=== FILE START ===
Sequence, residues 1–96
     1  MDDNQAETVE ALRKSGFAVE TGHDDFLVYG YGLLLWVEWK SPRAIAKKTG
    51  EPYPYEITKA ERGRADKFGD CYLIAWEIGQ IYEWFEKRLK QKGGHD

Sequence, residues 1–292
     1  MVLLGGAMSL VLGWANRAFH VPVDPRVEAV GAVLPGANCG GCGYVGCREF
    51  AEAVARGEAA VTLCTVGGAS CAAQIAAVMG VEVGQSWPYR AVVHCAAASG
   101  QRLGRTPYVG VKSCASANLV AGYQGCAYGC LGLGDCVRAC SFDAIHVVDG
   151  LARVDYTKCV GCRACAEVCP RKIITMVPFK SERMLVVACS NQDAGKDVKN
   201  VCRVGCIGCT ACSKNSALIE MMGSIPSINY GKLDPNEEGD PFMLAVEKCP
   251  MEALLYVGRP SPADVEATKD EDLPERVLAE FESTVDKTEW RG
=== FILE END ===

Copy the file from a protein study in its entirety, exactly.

Sequence, residues 1–96
     1  MDDNQAETVE ALRKSGFAVE TGHDDFLVYG YGLLLWVEWK SPRAIAKKTG
    51  EPYPYEITKA ERGRADKFGD CYLIAWEIGQ IYEWFEKRLK QKGGHD

Sequence, residues 1–292
     1  MVLLGGAMSL VLGWANRAFH VPVDPRVEAV GAVLPGANCG GCGYVGCREF
    51  AEAVARGEAA VTLCTVGGAS CAAQIAAVMG VEVGQSWPYR AVVHCAAASG
   101  QRLGRTPYVG VKSCASANLV AGYQGCAYGC LGLGDCVRAC SFDAIHVVDG
   151  LARVDYTKCV GCRACAEVCP RKIITMVPFK SERMLVVACS NQDAGKDVKN
   201  VCRVGCIGCT ACSKNSALIE MMGSIPSINY GKLDPNEEGD PFMLAVEKCP
   251  MEALLYVGRP SPADVEATKD EDLPERVLAE FESTVDKTEW RG